Grrrrrreat

I’ve talked a lot in the past about the ambiguously-worded “extreme porn” legislation of recent years. Now, Backlash is taking a stand, along with victims of problematic convictions.

Andrew Holland, a man from Wrexham, was charged under Section 63 of the 2008 Criminal Justice and Immigration Act. He was accused of possessing a short video showing a woman having sex with a tiger. A friend had sent it as a joke. He had watched six seconds of it. Predictably, the case toppled over as soon as the court heard the tiger – actually a man in fancy dress – inform the camera: “That beats doing Frosties ads for a living!”

Despite the farcical nature of the case against him, Holland had his reputation, job, family life and health destroyed as a result. This is just one of many examples of the harm caused by this legislation.

Things, however, are about to change. Here’s a snippet of Mistress Magpie Corvid’s article in the New Statesman:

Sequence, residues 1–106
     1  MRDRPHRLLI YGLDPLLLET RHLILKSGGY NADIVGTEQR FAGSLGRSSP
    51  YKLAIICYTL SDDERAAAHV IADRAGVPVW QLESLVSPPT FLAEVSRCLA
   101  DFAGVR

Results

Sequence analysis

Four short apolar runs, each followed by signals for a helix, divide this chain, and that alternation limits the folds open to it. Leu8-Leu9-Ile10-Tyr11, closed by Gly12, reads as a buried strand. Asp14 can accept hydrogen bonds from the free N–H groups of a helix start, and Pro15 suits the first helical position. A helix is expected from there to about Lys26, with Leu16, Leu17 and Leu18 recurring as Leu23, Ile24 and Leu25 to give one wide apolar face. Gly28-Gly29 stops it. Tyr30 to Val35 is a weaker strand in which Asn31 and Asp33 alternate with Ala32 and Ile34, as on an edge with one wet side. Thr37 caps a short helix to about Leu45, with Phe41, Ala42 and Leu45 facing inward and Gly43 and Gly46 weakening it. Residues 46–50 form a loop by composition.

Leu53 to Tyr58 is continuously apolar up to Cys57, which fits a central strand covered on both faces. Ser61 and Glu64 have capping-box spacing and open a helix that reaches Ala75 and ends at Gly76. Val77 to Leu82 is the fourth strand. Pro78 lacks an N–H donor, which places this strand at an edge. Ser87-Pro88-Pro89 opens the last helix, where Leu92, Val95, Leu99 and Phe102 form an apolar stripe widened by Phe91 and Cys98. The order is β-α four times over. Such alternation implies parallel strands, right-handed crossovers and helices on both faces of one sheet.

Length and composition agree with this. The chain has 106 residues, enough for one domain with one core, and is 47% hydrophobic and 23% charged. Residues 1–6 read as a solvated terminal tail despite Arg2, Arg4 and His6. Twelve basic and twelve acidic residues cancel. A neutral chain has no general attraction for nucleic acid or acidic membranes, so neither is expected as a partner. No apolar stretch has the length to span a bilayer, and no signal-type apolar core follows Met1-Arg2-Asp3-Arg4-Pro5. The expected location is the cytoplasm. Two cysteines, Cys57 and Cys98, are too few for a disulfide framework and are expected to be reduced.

“In a letter to the head of the Crown Prosecution Service, Holland’s solicitors have claimed that even five years after its enactment, the law is so unclear and poorly understood – including by police, prosecutors and solicitors – that it too easily traps the innocent. Assisted by a specialist legal team and advised by the sexual freedom campaigning group Backlash, the former defendant has called on CPS head Allison Saunders to review the implementation of Section 63; if no such review is forthcoming, the law will be challenged via judicial review… In the challenge, Holland’s legal team, advised by Backlash, emphasise the Act’s violations of human rights. With the concept of “extreme” pornography poorly defined, and without reliable guidance from CPS to prosecutors, individuals find it difficult to determine what is and isn’t legal. Perhaps, this is why a law which experts predicted would get less than 30 cases a year has had over 5,000 convictions since its inception. It’s impossible to know how many people have pleaded guilty to possession of images that were not actually unlawful.”

Read the full New Statesman article here.

Learn more about Backlash here.

Read a blog on the case by Obscenity Lawyer here.

Read an article for Politics.co.uk by Jane Fae here.

Read the Independent article here.

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